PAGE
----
Abstract We report a case of spontaneous mechanical papillary muscle rupture. In theory, the papillary muscle works as a shock absorber that compensates for geometric changes of left ventricular wall. We believe that the aetiology of papillary muscle rupture, in this case, is linked to the physical and mechanical strains exerted on the papillary. We performed a mitral valve repair with excellent short- and long-term results. Mitral valve repair, Papillary muscle, Mitral valve regurgitation INTRODUCTION Acute mitral regurgitation resulting from papillary muscle rupture (PMR) is a rare life-threatening condition frequently associated with coronary artery disease. When ischaemic disease is absent, the PMR can be as a result of other ischaemic and embolic causes or blunt chest trauma [1, 2]. Here, we present a case of a patient with a spontaneous posteromedial papillary muscle rupture related only to the physical and mechanical strains exerted on the papillary. CASE REPORT We report the case of a 62-year-old woman, with no known history of heart disease nor chest trauma, who presented to her primary care physician with a dry non-productive cough and dyspnoea. Flu syndrome was suspected, but 2 days later, she was admitted to the emergency department with symptoms of respiratory distress and cardiogenic shock. Cardiac enzymes were not elevated. A transthoracic echocardiography showed a severe mitral regurgitation with hypermobile material and a hyperdynamic non-dilated left ventricle. Transoesophageal echocardiography clearly revealed severe eccentric mitral regurgitation with P3 and A3 prolapse, associated with the rupture of the posteromedial papillary muscle. The coronary angiogram showed no coronary lesions (Fig. 1A and B). Figure 1 View largeDownload slide (A and B) Coronary angiography revealed no critical stenosis. (C and D) Intraoperative image of partial posteromedial papillary muscle head rupture. Figure 1 View largeDownload slide (A and B) Coronary angiography revealed no critical stenosis. (C and D) Intraoperative image of partial posteromedial papillary muscle head rupture. Urgent surgery was indicated. The operation revealed a structurally normal mitral valve with partial rupture of the posterior head of the posteromedial papillary muscle (Fig. 1C and D). No signs of endocarditis or inflammatory process were discovered. The head and the base of the ruptured papillary muscle were frail and did not seem to be infarcted, but rather were haemorrhagic (Fig. 2A). Figure 2 View largeDownload slide (A) Intraoperative image of papillary muscle with haemorrhagic tissue without any sign of inflammatory process. (B) Mitral valve repair. Figure 2 View largeDownload slide (A) Intraoperative image of papillary muscle with haemorrhagic tissue without any sign of inflammatory process. (B) Mitral valve repair. In spite of general tissue friability, mitral valve repair was considered. After the head of papillary muscle was unravelled, a reimplantation was performed for the papillary muscle head next to the broken one, using a 4-0 Gore-Tex sutures reinforced with pledgets. Two other 4-0 Gore-Tex neochordae were implanted in A2 and A3 segments of the anterior mitral leaflet as well as a rigid annuloplasty ring to complete the repair (Fig. 2B). The result was excellent, transoesophageal echocardiography showed no regurgitation and recovery was uneventful. At 5-year follow-up, annual echocardiography revealed no evidence of mitral regurgitation. DISCUSSION PMR is a rare but life-threatening condition associated generally with coronary artery disease. In the absence of coronary artery disease, other conditions may explain the infarction of papillary muscle. In our case, the coronary artery angiography was normal, and there was no evidence of ventricular hypertrophy, hypertension or vasculitis that could justify the rupture . No evidence of a hypercoagulable state or infective state was present in our patient. Other potential mechanisms for isolated papillary muscle infarction are blunt trauma and eosinophil-mediated damage, but these mechanisms were also excluded. One possible explanation of spontaneous rupture of the papillary muscle head in our patient, is that it might be linked to the physical and mechanical strains on the papillary. The papillary muscle is actually considered as the active anchoring point of the chordae tendinae to the left ventricle wall, and it works by an independent mechanism as a shock absorber to compensate for geometric changes of left ventricular wall and to maintain the basic mitral valve geometry during the cardiac cycle . These physical and mechanical constraints facilitate the breakdown of chorda tendinea, but when the forces are spread out evenly and in the presence of fragile tissue due to degenerative changes, we believe that a spontaneous mechanical rupture of the papillary itself is possible. This theory is supported by the intraoperative findings and the absence of causes reported in the literature. Once a PMR has been diagnosed, urgent mitral surgery is required to correct the haemodynamic instability of the patient. The standard treatment is valve replacement rather than valve repair. Different features determine the feasibility and durability of repair, such as the type of rupture, whether it is complete or partial, the cause, the adjacent tissue quality, the surgical skill for repair and the ventricular remodelling progression . In our case, although the papillary was extremely frail in the presence of a normal valve, mitral valve repair with reimplantation of the papillary muscle was performed. We believe that mitral valve repair is reliable and provides excellent long-term results, but it must be individualized. CONCLUSION The illustrated case shows a spontaneous mechanical rupture of papillary muscle secondary to the physical and mechanical strains on the papillary. We performed a mitral valve repair with excellent short- and long-term results, but it depends essentially on the adjacent tissue quality, and therefore mitral valve repair must be individualized. Conflict of interest: none declared. REFERENCES 1 Gouda P, Weilovitch L, Kanani R, Har B. Case report and review of nonischemic spontaneous papillary muscle rupture reports between 2000 and 2015. Echocardiography 2017; 34: 786– 90. Google Scholar CrossRef Search ADS PubMed 2 Bruschi G, Agati S, Iorio F, Vitali E. Papillary muscle rupture and pericardial injuries after blunt chest trauma. Eur J Cardiothorac Surg 2001; 20: 200– 2. Google Scholar CrossRef Search ADS PubMed 3 Lazar HL, Bernard SA. Acute anterolateral papillary muscle rupture in the absence of coronary artery disease. J Card Surg 2010; 25: 518– 9. Google Scholar CrossRef Search ADS PubMed 4 Joudinaud TM, Kegel CL, Flecher EM, Weber PA, Lansac E, Hvass U et al. The papillary muscles as shock absorbers of the mitral valve complex. An experimental study. Eur J Cardiothorac Surg 2007; 32: 96– 101. Google Scholar CrossRef Search ADS PubMed 5 Lee SK, Heo W, Min H-K, Kang DK, Jun HJ, Hwang Y-H. A new surgical repair technique for ischemic total papillary muscle rupture. Ann Thorac Surg 2015; 100: 1891– 3. Google Scholar CrossRef Search ADS PubMed © The Author 2017. Published by Oxford University Press on behalf of the European Association for Cardio-Thoracic Surgery. All rights reserved.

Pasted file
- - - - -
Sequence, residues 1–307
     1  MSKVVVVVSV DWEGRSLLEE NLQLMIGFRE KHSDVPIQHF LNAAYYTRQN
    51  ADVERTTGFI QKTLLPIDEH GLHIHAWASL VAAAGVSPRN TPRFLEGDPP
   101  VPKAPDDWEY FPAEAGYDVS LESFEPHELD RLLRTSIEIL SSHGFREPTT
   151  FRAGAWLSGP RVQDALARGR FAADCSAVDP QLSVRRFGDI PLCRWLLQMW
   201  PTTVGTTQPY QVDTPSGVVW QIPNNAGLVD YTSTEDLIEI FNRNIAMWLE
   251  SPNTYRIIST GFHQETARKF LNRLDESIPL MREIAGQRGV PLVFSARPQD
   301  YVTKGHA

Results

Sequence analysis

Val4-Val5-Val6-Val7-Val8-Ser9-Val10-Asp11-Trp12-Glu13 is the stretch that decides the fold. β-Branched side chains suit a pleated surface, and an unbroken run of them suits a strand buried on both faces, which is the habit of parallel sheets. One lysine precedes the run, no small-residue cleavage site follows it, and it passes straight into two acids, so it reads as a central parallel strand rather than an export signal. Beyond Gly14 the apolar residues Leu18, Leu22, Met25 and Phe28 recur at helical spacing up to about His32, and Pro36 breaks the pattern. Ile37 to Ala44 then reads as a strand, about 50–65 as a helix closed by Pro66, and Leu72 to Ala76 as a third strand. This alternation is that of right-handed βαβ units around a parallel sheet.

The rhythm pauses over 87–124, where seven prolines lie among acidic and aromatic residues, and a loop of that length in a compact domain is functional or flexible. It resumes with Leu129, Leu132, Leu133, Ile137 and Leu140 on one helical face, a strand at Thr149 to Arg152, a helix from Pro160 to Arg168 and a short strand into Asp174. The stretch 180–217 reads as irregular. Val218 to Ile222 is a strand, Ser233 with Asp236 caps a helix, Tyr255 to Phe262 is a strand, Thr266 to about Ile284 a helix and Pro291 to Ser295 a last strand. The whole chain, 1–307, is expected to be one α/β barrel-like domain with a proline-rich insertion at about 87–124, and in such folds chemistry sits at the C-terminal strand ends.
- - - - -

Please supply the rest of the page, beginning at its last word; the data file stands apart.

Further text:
European Journal of Cardio-Thoracic Surgery – Oxford University Press
Published: Apr 1, 2018